While I have a fair amount of experience with wood and a pocketknife, I definitely am in the novice/beginner category with this computer stuff. So...here's hoping that folks who come to my site, at least for a while, will be charitable and patient and put up with some stumbling and bumbling on my part.
Chris Lubkemann lives in Lancaster County, Pennsylvania, and is the "resident woodcarver" at the Amish Farm and House, a well-known and popular educational venue located on Route 30, just east of Lancaster, tucked just behind a bustling concentration of 21st century business and commerce. While the farm is open year reound, seven days a week, Chris's shop operates April through October, Monday through Saturday. While he is often at his shop during the months of November through March, those are the months when he is available for outside programs, shows, and workshops. Any
person, group, organization interested can contact him directly. Phone: (717) 299-5955 or Email: firstname.lastname@example.org.
This "unique slant on whittling" has been demonstrated on a number of television programs, as well as before countless live audiences in North America, Europe, and Asia -- in schools, service clubs, youth organizations, church groups, retirement communities, conventions, city parks, prisons, and even on buses, boats, trains, and airplanes!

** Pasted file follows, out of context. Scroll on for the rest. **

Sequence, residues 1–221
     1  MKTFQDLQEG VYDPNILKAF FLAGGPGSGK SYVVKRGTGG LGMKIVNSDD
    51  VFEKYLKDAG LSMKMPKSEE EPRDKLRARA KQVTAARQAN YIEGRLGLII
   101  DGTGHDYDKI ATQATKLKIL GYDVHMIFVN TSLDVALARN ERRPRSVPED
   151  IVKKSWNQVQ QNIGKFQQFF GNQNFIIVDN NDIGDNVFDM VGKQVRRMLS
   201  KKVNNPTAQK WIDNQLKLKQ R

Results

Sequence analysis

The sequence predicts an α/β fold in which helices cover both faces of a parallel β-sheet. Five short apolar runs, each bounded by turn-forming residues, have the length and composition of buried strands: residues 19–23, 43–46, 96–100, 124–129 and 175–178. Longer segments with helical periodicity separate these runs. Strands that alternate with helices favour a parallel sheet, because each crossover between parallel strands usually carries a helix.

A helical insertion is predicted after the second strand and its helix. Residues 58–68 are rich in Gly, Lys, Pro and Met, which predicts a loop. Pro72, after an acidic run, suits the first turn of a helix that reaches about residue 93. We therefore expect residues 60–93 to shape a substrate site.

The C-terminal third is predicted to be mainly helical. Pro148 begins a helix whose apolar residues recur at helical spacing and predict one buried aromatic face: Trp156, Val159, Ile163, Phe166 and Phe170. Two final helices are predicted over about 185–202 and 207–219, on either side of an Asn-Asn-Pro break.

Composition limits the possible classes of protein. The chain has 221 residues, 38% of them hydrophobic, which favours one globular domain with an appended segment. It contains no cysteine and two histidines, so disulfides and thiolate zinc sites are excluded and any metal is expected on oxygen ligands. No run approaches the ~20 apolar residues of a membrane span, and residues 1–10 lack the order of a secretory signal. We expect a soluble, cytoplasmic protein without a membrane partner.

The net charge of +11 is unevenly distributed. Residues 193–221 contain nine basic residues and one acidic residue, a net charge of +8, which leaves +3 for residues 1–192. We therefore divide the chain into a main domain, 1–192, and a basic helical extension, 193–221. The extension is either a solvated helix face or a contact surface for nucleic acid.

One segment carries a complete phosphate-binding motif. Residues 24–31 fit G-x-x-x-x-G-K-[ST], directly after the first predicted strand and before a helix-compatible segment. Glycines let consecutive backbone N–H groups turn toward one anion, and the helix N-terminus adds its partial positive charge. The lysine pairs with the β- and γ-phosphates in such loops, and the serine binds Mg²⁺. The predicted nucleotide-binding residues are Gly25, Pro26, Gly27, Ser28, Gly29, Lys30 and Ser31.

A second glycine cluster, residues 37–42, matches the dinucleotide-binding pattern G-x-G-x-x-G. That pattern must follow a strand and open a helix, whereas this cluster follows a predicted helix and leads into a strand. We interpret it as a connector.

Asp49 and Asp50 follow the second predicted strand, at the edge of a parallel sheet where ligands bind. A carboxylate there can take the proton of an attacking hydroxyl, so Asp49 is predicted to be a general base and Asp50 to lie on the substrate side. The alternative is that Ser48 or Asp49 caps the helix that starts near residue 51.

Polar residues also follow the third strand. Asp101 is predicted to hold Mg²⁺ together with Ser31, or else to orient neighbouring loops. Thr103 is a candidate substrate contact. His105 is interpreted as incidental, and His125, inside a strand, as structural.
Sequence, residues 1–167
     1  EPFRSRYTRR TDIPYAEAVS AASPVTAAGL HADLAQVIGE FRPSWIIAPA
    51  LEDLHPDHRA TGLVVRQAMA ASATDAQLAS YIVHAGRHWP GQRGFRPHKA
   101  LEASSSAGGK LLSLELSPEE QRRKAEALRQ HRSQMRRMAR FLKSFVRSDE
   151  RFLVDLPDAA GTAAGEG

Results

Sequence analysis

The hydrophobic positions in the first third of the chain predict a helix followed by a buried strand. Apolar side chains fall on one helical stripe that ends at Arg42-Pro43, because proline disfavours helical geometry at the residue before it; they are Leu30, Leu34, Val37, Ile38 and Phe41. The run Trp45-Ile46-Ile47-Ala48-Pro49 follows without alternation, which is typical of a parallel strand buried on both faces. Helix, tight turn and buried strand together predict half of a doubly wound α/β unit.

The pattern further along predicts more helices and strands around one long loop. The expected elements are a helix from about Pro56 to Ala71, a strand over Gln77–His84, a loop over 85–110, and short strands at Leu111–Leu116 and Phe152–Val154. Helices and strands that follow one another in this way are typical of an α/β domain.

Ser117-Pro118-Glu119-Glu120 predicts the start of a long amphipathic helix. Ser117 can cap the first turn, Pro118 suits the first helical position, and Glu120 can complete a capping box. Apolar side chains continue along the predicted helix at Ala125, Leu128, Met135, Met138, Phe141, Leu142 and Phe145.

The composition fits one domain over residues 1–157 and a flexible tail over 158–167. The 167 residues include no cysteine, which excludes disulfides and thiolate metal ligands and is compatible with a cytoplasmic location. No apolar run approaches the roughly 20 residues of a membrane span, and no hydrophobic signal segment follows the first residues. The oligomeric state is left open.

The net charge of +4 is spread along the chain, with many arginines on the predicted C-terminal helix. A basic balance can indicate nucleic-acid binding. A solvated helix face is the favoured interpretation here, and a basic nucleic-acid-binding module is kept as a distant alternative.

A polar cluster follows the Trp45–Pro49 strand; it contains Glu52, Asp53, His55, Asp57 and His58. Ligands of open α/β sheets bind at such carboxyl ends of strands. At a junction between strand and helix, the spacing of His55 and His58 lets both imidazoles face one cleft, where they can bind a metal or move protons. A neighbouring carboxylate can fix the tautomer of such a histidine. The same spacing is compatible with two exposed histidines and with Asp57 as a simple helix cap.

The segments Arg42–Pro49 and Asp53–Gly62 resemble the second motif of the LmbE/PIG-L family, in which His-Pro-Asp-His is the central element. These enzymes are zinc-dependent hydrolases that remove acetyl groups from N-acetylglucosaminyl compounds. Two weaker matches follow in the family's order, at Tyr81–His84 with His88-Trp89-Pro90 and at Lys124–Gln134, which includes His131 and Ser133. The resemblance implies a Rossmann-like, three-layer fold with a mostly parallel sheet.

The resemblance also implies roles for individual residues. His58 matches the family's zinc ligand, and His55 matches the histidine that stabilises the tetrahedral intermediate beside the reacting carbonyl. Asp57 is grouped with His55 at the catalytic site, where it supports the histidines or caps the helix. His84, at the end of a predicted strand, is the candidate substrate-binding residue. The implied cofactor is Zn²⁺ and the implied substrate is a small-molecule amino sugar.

The basic raw material for the type of carving Chris does is absolutely free, and the main tool needed is a two-bladed pocketknife, something that many people already own. The fundamentals of the branch carving concept can be picked up in an hour or two, and many first-time carvers have had the pleasant experience of seeing a decent project emerge from a little branch on their very first try!
Roosters of all shapes and size have for many years been the "mascots" and "stars" of branch carving, as well as the primary figures Chris uses to teach people to carve. While the rooster is not necessarily the easiest of the branch projects,
making a rooster from a forked branch exposes the learner to most of the basic strokes and techniques essential to doing a whole range of figures and projects that can be whittled from twigs and branches. Among the other things Chris carves are pheasants, herons, roadrunners, eagles, songbirds, hens, baby chicks, ducks, various animal heads, spoons, pickle forks, letter openers, walking sticks, backscratchers, canes, lamps, miniature trees, flowers, canoes and rowboats (miniature ones to be sure!), and a variety of off-the-wall critters that Dr. Seuss himself would have been proud of! Most of these projects are pictured or illustrated in one or another of Chris's books or in columns and articles he has written in CHIP CHATS (1993-2005), the bi-monthly magazine of the National Wood Carvers Association, or in WOOD-
CARVING ILLUSTRATED, the quarterly magazine published by Fox Chapel Publishing.
Fox Chapel Publishing is also the publisher of Chris's four most recent books:
WHITTLING TWIGS AND BRANCHES(200+ photos and 70 drawings)
THE LITTLE BOOK OF WHITTLING (19 projects, 380 photos)
TREE CRAFT: 35 Rustic Wood Projects That Bring The Outdoors In
BIG BOOK OF WHITTLE FUN (31 projects, a sequel to THE LITTLE BOOK OF WHITTLING)
TO SEE THE CARVING DEMONSTRATION CHRIS DID ON THE DIY NETWORK, GO TO THE AMISH FARM AND HOUSE WEBSITE AND CLICK ON TO THE "RESIDENT ARTISANS" PAGE. UNDER THE PICTURE OF CHRIS IN HIS SHOP IS A DIRECT LINK TO THE "BRANCH ROOSTER" EPISODE THAT SHOWS FROM START TO FINISH HOW TO CARVE A ROOSTER FROM A FORKED BRANCH.www.amishfarmandhouse.com